Former Ruthless Rap Assassin, Black Grape and all round Manc legend Kermit is someone who’s experienced both fame and infamy, and, whilst possessing a technicolor spirit, has had to delve into the dark places of his soul.
Throughout the 80’s he was one of the faces on the Manchester scene, he was always where it was happening, be it The Reno, Legend, The Gallery, Berlin, The Playpen, The Hacienda, The Kitchen or Konspiracy. I first knew him as a teenage Jazz-Fusion dancer, part of a highly rated crew called The Scorpions. This was before he became one of the first wave of youths in this country to embrace Hip Hop, initially as part of the breakdance crew Broken Glass, who were pretty much one of the foundation stones in the evolution of the the British Hip Hop movement, before he cemented his place in UK Hip Hop folklore later in the decade, as a member of the Ruthless Rap Assassins.
He achieved major chart success in the 90’s working alongside Shaun Ryder in Black Grape, but, given Shaun’s Happy Mondays legacy, Kermit’s role was somewhat overshadowed, many regarding him as Shaun’s rapper sidekick, rather than his writing partner and co-frontman. The high water mark was when Black Grape topped the chart with their debut LP, but it all went wrong for Kermit from there, with his heroin addiction almost costing him his life, having contracted septicaemia as a result of injecting with a dirty needle.
With Black Grape imploding, and his next project, Big Dog, failing to take off, Kermit would spend the next decade dealing with worsening health and the inevitability of a major heart operation hanging over him, resulting from damage called by the septicaemia. He completely separated from the music industry, living a tucked out of the way existence in Monmouth and nowadays Chester. The day of reckoning eventually arrived, and the heart op was thankfully a complete success. Tigger got his bounce back.
Given this second lease of life, Kermit, like a man possessed, launched into whole new round of largely good vibe material, informed by the themes of redemption and faith. He embarked on this undertaking with writing partner, EVM128, with whom he formed a new project, Blind Arcade. He then approached me to get involved as producer, and, having heard what he was doing, impressed by the quality of the demos, I suggested that I work into them, whilst bringing some new track ideas to the table, constructing a mixtape that would bring Blind Arcade’s music to wider attention before I look to finish the recordings and gear towards an official album release.
The result is ‘Blind Arcade Meets Super Weird Substance In The Morphogenetic Field’, and we believe we’ve created something really special here. It’s been quite a trip for Kermit, but one that elevates him into the Manchester pantheon, for he is surely overdue recognition as one of the city’s great recording artists, given his legacy with the Rap Assassins and Black Grape, and now via this inspired new work.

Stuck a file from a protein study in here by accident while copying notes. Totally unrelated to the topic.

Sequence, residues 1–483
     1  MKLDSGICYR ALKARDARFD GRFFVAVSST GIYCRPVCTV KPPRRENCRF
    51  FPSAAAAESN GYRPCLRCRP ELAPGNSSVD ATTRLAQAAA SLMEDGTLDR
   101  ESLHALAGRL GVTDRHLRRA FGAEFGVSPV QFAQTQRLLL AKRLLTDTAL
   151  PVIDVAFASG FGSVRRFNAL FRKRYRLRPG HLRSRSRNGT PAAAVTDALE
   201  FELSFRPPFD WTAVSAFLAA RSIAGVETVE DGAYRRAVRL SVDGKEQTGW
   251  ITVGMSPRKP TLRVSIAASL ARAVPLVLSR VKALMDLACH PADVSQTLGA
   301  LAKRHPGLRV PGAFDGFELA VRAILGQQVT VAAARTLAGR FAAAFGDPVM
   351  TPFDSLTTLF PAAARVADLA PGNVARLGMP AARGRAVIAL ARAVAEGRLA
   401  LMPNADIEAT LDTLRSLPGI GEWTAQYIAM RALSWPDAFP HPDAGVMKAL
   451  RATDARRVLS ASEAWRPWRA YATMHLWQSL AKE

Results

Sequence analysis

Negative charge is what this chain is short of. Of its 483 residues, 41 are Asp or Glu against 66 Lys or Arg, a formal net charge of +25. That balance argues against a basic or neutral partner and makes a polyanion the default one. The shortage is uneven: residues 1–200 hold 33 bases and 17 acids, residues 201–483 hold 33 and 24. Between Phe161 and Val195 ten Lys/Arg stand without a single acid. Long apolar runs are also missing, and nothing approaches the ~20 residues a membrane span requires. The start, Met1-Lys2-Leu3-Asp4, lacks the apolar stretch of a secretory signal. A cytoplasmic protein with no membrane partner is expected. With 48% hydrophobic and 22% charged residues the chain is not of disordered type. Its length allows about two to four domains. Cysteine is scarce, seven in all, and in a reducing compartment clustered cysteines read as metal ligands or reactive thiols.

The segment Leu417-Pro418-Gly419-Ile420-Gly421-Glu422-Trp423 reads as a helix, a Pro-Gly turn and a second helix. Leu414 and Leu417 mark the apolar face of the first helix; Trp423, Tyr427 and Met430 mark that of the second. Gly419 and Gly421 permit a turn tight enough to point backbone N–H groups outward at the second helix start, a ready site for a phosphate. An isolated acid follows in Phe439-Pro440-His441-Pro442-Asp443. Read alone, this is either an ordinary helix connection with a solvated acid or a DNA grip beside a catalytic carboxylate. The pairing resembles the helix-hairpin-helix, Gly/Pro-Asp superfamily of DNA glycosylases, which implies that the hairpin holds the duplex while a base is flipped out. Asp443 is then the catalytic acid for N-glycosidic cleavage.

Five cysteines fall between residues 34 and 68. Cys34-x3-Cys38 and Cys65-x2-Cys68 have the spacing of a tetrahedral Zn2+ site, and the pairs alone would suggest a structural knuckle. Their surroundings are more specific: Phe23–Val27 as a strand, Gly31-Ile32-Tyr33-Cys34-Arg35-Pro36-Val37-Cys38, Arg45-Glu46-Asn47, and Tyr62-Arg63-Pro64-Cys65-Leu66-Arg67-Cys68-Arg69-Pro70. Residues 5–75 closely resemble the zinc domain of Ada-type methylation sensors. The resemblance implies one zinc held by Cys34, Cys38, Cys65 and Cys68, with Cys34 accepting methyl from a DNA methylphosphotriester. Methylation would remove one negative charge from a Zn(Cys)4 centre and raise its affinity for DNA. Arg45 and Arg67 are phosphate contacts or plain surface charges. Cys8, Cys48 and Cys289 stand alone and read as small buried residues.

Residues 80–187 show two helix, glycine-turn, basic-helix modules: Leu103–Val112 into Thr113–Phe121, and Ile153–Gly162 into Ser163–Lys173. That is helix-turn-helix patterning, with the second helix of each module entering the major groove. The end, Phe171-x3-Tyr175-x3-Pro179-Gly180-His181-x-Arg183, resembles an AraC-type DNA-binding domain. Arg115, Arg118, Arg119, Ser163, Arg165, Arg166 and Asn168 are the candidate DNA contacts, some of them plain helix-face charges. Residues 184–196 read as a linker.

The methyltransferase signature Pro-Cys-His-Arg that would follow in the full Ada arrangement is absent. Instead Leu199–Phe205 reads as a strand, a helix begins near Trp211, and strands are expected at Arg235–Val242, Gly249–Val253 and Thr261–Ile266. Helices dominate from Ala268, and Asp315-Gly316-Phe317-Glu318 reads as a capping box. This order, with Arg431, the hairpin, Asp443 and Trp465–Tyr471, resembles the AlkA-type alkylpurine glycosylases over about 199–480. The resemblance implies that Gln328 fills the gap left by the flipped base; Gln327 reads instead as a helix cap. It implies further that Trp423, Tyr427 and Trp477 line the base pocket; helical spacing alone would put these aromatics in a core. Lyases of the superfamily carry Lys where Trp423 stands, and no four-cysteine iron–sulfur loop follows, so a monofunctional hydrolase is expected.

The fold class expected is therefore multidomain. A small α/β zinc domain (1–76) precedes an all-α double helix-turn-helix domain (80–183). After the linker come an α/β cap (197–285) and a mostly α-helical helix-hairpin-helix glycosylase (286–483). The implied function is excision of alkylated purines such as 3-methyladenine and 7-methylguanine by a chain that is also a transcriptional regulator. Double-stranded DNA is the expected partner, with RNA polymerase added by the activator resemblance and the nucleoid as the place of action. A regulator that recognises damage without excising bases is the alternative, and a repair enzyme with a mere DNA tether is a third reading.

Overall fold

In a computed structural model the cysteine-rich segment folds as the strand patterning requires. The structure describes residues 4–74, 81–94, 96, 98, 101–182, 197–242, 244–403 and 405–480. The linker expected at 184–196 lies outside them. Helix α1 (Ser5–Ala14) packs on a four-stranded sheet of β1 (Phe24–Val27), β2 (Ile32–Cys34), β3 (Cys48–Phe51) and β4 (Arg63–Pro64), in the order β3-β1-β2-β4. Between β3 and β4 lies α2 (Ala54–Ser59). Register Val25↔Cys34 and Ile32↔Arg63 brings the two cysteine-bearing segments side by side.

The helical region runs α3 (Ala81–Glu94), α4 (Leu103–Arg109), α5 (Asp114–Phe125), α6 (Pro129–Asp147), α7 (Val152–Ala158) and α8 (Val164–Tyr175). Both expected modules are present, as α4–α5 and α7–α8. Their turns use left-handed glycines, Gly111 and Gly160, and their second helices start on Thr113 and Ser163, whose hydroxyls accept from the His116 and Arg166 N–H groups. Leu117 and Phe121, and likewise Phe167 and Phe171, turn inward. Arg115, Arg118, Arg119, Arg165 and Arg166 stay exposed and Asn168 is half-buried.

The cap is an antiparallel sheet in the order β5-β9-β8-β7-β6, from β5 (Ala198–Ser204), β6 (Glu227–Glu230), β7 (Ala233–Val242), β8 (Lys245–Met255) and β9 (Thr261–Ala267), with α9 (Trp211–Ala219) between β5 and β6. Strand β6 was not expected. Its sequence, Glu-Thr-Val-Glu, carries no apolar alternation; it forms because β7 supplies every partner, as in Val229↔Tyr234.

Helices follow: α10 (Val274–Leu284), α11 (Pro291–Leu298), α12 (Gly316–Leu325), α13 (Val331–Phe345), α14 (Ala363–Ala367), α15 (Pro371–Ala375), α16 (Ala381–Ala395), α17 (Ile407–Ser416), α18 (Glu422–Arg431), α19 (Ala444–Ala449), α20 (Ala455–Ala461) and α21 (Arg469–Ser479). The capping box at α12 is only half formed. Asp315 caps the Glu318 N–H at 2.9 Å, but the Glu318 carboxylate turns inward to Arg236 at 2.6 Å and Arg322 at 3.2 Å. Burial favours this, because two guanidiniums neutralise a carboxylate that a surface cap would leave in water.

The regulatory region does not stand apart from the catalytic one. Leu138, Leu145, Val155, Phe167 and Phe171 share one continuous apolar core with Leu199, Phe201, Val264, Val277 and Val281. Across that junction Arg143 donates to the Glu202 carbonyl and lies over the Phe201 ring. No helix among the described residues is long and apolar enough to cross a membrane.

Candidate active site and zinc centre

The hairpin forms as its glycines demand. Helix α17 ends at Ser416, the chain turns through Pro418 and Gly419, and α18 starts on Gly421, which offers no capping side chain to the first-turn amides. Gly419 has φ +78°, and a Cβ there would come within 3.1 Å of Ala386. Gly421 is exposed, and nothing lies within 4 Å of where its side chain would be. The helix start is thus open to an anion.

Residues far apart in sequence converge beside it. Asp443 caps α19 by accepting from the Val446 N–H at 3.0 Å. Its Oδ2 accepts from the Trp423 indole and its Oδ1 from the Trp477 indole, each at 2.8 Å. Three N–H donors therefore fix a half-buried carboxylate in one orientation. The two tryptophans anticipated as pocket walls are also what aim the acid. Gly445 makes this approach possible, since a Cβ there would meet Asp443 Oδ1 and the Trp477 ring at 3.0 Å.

BLIND ARCADE MEETS SUPER WEIRD SUBSTANCE IN THE MORPHOGENETIC FIELD:
Uplifting, life-affirming, and perfectly timed for the summer months – cobbled together, Heath Robinson stylee, more by serendipity than design, into a coherent whole by DJ Greg Wilson. Most of the tracks featured are by Blind Arcade, either existing demos or works in progress, but the mixtape is also peppered with half-a-dozen GW edits, lyrically laced to bubble the Super Weird stew – the constant presence, and main ingredient, being Kermit Leveridge, for it’s his inspirational tale of faith and redemption at the very core of this morphogenetic mixtape. Following on from the Ruthless Rap Assassins and Black Grape, we believe that this is his greatest musical odyssey, drawing from the deep wells of his own mythos and logos. There were 3 frontmen in the Rap Assassins, 2 in Black Grape, but now, for the first time, Kermit steps to the fore – no longer to be described by such a limited term as ‘rapper’, but as a sabre-skilled vocal chameleon, his shades and depths ranging from wise old soul to lovestruck adolescent, invoking his many I’s as a cast of compelling characters, both comic book and close–up personal, whilst, in trickster tradition, keeping us on our toes, not knowing what to expect next.
Let me take you by the hand
So you know what’s going on
Let me take you step by step
On a journey that won’t take too long
Come let me show you
Reality is not what it seems
It’s all a construct
And what you see might not be real